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article imageOne patient was responsible for half of MERS cases

By Tim Sandle     Jul 11, 2016 in Health
In 2015 there was a serious incident of the respiratory viral disease MERS. A review of the cases reveals that almost half of the infections were spread by just one person.
Middle East respiratory syndrome (MERS) is a viral respiratory disease caused by a coronavirus (MERS‐CoV). The virus was first identified in Saudi Arabia in 2012. Symptoms include fever, cough, and shortness of breath; sometimes pneumonia is common, as well as gastrointestinal symptoms. The fatality rate is about 4 in every 10 people infected. There is no specific vaccine or treatment for the disease, although several antiviral medications are currently being studied.
MERS has been detected in 27 countries to date.
The analysis of the South Korean incident reveals that of 190 people infected, 82 of these people became infected from just one patient – known as patient 14. The analysis is important because previous research suggests that the ability of MERS to spread to large numbers of people in a given population is low.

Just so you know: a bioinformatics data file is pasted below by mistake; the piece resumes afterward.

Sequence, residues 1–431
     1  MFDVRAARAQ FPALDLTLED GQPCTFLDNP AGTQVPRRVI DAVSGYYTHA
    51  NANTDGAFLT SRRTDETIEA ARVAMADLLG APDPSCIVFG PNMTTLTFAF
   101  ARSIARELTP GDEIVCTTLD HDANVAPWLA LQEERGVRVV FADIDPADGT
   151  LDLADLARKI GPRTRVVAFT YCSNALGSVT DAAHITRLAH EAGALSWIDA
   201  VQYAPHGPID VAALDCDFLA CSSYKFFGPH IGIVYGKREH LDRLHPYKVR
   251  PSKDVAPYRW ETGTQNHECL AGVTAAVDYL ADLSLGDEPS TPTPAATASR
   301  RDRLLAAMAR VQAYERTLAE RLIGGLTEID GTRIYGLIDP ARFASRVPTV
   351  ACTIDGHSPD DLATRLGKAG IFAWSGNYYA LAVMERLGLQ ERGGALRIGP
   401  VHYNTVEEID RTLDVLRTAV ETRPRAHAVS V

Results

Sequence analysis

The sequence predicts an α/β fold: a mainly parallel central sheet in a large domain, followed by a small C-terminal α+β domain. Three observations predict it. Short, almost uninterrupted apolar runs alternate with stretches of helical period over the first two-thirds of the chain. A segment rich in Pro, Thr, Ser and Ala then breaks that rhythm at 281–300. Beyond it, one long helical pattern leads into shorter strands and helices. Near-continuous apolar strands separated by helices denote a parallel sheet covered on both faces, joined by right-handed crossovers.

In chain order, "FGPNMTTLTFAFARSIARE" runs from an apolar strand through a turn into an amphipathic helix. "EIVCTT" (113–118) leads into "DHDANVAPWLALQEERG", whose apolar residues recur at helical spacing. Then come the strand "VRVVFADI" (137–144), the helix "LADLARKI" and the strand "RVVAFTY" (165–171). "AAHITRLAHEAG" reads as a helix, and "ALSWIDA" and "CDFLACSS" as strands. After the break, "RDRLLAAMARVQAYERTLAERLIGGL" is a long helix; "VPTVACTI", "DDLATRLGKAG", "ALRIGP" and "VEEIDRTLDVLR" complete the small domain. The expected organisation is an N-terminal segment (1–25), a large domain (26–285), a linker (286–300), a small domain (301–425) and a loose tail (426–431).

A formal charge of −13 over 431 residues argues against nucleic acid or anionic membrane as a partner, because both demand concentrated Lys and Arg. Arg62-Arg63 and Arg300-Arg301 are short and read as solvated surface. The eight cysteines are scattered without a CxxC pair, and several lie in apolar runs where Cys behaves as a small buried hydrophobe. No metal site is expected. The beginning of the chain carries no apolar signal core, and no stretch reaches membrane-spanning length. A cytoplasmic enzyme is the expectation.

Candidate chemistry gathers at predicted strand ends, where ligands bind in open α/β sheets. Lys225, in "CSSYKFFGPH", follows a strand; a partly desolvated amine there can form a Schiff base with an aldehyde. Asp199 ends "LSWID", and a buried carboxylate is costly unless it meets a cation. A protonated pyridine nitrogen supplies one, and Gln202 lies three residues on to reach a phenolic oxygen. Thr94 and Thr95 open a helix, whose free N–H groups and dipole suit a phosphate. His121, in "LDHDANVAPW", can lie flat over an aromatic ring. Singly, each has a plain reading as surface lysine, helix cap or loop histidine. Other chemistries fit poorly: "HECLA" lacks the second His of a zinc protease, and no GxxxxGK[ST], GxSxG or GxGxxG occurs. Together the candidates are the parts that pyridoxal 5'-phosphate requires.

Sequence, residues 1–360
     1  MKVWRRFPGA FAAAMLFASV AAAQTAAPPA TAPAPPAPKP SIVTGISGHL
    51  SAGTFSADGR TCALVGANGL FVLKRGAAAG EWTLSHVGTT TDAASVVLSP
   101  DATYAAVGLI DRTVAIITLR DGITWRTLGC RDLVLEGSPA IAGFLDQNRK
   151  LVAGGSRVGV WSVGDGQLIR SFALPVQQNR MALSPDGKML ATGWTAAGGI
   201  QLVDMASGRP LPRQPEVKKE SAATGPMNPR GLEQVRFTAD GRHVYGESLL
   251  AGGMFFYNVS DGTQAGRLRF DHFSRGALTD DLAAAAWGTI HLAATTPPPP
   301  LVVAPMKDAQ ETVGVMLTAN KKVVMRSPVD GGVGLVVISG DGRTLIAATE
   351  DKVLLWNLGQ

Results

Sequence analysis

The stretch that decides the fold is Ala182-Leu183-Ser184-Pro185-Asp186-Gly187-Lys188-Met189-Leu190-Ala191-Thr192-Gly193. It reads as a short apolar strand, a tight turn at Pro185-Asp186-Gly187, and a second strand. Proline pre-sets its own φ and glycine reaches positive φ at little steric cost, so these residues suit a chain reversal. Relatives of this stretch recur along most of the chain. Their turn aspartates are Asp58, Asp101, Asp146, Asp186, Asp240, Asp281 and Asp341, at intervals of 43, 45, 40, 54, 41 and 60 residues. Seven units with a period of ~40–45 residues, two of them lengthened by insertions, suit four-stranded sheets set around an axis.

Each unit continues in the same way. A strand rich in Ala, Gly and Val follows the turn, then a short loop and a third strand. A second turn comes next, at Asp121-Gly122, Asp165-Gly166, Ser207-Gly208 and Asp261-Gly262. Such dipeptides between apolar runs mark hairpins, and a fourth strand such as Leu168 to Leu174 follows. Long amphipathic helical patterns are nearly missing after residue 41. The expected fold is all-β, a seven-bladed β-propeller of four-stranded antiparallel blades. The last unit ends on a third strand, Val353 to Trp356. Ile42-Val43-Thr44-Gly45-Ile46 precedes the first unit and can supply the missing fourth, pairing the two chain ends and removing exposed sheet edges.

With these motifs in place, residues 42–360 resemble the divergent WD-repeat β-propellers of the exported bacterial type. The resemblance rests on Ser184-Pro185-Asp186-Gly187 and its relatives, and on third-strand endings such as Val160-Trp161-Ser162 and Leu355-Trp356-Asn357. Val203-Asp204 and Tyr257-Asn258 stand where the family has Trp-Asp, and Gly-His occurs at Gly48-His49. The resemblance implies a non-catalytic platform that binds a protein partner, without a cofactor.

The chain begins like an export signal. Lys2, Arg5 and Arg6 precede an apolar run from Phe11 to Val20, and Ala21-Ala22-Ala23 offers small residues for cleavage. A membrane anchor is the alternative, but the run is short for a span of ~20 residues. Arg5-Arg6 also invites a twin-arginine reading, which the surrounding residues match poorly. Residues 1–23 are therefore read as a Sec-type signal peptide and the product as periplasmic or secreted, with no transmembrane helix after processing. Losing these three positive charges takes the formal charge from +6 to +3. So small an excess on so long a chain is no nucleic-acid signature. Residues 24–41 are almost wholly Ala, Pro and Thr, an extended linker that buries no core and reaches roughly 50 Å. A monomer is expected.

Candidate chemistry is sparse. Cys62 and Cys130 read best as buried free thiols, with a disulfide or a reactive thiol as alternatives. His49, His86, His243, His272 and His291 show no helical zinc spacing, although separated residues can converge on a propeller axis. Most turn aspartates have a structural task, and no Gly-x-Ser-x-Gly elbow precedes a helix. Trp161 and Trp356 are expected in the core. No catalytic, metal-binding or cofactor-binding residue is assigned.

The new epidemiological evidence suggests that, in fact, it is possible to have ‘super-spreaders’; that is, a person who can transmit the disease to a sizeable population.
The 2015 South Korean outbreak was triggered by one person – patient 1 – who travelled to Bahrain, the United Arab Emirates, Saudi Arabia and Qatar between 18 April and 3 May 2015. The patient then returned to his home in South Korea. Before being taken to the Samsung Medical Center in Seoul, patient 1 infected a number of other people. One of those infected – patient 14 – has been identified as a ‘super-spreader.’
It is thought patient 14 infected most people at the hospital setting. How this happened has been detected from a retrospective review of closed-circuit cameras and a review of medical records.
Here patient 14 came into contact with 1,576 people and infected 82 of them: 33 patients, 8 health-care workers, and 41 visitors, over a two day period. Statistically, the study has found the risk of infection to patients was 20 percent; to health care workers, 2 percent; and to hospital visitors, 6 percent. People showed symptoms around seven days after infection. They key factor with the infections was ‘crowding’ – the sheer number of people who were in close proximity to patient 14 — indicating the importance of isolation facilities.
The potential risks associated with MERS remain high. The study also indicates that governments and health-care providers should be prepared for such emerging infections.
The findings of the MERS study are published in the medical journal The Lancet. The study is titled “MERS-CoV outbreak following a single patient exposure in an emergency room in South Korea: an epidemiological outbreak study.”
The news has been trending on Twitter. Microbes&Infection (@MicrobesInfect), for example, tweeted: "Study maps transmission of #MERS #coronavirus in South Korean hospital from one 'super-spreader' patient."
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